The Gophers football team was sweating, and it wasn’t just the heat.
It entered Thursday night’s season opener against UNLV as a 14-point favorite and went to the locker room at halftime fortunate to have a three-point lead.
It had been 92 degrees at the game’s outset and was still stifling as the sun set over the Minneapolis skyline. But the second half opened with coolest burst of fresh air the Gophers could imagine.
Marcus Jones, who has overcome torn anterior cruciate ligaments in both knees, returned UNLV’s kick 98 yards for a touchdown. It was the first of three long touchdown returns by the Gophers in the second half, as they pulled away for a 51-23 victory before an announced crowd of 44,217 at TCF Bank Stadium.
“Minnesota’s not used to the heat like that,” Gophers coach Jerry Kill said. “I think it sapped us a little bit early. I think depth kind of saved us. We had some kids that stepped up that had to do it, or we’d have been in trouble.”
Midway through the third quarter, UNLV kicker Nolan Kohorst lined up a 47-yard field-goal attempt that could have trimmed the Gophers’ lead to 23-16. Ra’Shede Hageman burst in to block it, and all of a sudden, it looked like the Gophers basketball team running the fast break.
Hageman dribbled the ball forward, Martez Shabazz scooped it up and sprinted 51 yards for a touchdown, making it 30-13.
“I’m not as fast as I was in high school,” said Hageman, who played basketball and football at Minneapolis Washburn. “So I wasn’t able to run and scoop and score. But I just had that football knowledge, keep the play moving and have Shabazz pick it up.”
Briean Boddy-Calhoun added to the fun in the fourth quarter, picking off a pass by Nick Sherry and racing 89 yards for a touchdown. Boddy-Calhoun got the start at cornerback, filling in for the injured Derrick Wells.
“Briean’s a good football player,” Kill said. “I thought he was going to run out of gas there. I’m glad [linebacker] Aaron Hill hustled down the field to kind of get in [Sherry’s] way.”
The Gophers eventually got what they needed. The first half was a test, but the night was far less stressful than last year’s opener at UNLV, where the Rebels pushed them to triple overtime before eventually succumbing 30-27.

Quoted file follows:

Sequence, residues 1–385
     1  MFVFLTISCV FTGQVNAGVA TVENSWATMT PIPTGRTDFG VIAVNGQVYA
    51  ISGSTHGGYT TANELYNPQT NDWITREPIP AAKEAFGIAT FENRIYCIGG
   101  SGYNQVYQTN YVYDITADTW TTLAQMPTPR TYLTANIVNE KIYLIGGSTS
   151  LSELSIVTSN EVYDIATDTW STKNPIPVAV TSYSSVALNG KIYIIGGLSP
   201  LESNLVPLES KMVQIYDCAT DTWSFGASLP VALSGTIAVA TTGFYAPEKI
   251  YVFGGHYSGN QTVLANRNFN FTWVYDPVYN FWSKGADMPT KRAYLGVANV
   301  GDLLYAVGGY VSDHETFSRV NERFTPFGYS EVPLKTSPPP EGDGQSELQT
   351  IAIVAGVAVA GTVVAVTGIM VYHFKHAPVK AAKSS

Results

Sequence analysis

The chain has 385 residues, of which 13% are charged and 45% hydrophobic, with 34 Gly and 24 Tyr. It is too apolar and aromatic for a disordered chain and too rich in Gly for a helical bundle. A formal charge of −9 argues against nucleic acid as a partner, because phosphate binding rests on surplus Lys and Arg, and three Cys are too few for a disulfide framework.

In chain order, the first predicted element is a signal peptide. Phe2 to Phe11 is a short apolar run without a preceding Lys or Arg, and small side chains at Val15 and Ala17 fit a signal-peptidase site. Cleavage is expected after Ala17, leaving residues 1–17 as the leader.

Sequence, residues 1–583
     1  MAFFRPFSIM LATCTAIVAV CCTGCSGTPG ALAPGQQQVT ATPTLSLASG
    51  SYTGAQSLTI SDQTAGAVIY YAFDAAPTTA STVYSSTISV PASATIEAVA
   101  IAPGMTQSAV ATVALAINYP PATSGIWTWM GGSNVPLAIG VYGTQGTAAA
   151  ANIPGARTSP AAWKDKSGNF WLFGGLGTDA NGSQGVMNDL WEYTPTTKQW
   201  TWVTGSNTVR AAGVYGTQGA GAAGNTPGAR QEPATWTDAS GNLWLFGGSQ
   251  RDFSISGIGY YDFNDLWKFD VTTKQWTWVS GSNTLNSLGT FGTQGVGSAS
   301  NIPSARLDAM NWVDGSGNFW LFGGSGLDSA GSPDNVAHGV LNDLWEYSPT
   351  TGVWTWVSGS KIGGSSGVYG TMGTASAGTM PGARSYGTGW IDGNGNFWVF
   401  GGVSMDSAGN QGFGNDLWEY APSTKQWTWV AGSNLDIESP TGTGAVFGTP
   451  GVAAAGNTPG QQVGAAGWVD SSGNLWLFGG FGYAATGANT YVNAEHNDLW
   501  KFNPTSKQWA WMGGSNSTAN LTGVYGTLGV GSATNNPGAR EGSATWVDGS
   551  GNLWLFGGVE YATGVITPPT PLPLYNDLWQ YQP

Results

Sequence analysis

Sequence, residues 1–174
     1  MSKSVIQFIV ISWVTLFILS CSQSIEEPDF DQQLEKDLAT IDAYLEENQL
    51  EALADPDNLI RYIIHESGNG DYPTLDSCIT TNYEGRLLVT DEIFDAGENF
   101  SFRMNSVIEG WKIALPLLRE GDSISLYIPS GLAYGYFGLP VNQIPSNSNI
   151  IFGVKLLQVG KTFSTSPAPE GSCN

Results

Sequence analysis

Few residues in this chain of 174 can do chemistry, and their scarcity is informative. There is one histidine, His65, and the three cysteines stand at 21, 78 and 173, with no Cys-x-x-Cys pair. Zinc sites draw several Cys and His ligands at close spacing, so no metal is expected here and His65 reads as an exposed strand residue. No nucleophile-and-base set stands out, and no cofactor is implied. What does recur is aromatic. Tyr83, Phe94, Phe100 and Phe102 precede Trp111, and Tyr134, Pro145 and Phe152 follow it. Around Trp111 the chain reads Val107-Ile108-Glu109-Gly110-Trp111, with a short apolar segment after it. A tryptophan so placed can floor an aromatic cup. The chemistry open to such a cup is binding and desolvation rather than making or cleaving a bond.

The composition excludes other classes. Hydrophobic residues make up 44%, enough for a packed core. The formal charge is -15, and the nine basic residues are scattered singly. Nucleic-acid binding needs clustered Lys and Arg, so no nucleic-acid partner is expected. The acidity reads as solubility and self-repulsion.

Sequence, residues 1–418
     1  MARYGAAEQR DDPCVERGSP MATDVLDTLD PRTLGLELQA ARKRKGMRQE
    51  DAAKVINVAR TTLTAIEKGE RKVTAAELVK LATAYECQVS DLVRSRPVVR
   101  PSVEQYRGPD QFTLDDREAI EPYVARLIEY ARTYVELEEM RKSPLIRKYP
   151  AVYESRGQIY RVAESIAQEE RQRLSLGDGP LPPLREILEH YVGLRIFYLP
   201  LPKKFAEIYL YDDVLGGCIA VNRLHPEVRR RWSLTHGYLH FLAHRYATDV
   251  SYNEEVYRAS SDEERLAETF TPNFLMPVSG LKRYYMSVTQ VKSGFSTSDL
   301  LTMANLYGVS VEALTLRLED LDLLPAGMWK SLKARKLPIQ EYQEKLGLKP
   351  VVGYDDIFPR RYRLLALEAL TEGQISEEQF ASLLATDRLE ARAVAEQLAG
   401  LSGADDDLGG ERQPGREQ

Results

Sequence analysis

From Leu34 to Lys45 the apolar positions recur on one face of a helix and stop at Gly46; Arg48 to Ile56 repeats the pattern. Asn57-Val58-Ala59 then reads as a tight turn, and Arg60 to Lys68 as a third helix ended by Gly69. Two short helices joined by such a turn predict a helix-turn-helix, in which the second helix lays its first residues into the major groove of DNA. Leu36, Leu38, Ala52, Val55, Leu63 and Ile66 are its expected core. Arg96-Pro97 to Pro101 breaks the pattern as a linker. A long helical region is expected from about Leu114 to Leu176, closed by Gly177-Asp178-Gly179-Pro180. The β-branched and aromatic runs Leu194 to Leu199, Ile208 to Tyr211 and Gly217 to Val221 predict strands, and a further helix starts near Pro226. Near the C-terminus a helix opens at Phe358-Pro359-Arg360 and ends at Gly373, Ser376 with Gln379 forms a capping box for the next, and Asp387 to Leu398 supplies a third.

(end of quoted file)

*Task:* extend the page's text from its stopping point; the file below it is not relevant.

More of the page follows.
The Gophers made sure UNLV didn’t end its 23-game road losing streak, which dates to Oct. 24, 2009.
But they trailed 13-10 until quarterback Philip Nelson led the two-minute offense on a scoring drive toward the end of the first half. On third-and-goal from the 10-yard line, Nelson checked off one receiver and hit redshirt freshman tight end Maxx Williams for a touchdown with 18 seconds remaining before the break.
It was Williams’ first career reception, and he made a nice lunging catch, keeping himself inbounds.
Nelson had an up-and-down first half. He threw an interception and had a key fumble at the 1-yard line that caused the Gophers to settle for a field goal on their second drive. But he also had a 48-yard touchdown run and came up with some big passes, including the touchdown to Williams.
The Rebels took a 13-10 lead midway through the second quarter with a big play on fourth down. Sherry scrambled and found Devante Davis for a 34-yard touchdown pass. That was one of three successful fourth-down conversions in the first half for UNLV.
Shabazz was covering Davis on that play and let him get free. But Shabazz atoned when he delivered the Gophers’ first touchdown off a blocked field goal since Traye Simmons had one on Oct. 10, 2009, against Purdue.
“Everybody was telling me to keep my head in the game,” Shabazz said. “I was just waiting for the ball to bounce, and it just happened. It was like a dream, actually. It was Ra’Shede who knocked it out there. I told him thank you for that.”
Nelson finished the game with 83 yards rushing and completed 10 of 22 passes for 99 yards. With a comfortable lead, the Gophers were able to give backup quarterback Mitch Leidner his first college snaps late in the fourth quarter.
Leidner rushed for a 4-yard touchdown on Minnesota’s final drive, as the Gophers finished with their highest point total in a game at TCF Bank Stadium, which opened in 2009. They had scored 44 points on two previous occasions.
“There was a lot of good things that happened out there,” Kill said. “The most important one is we won the game.”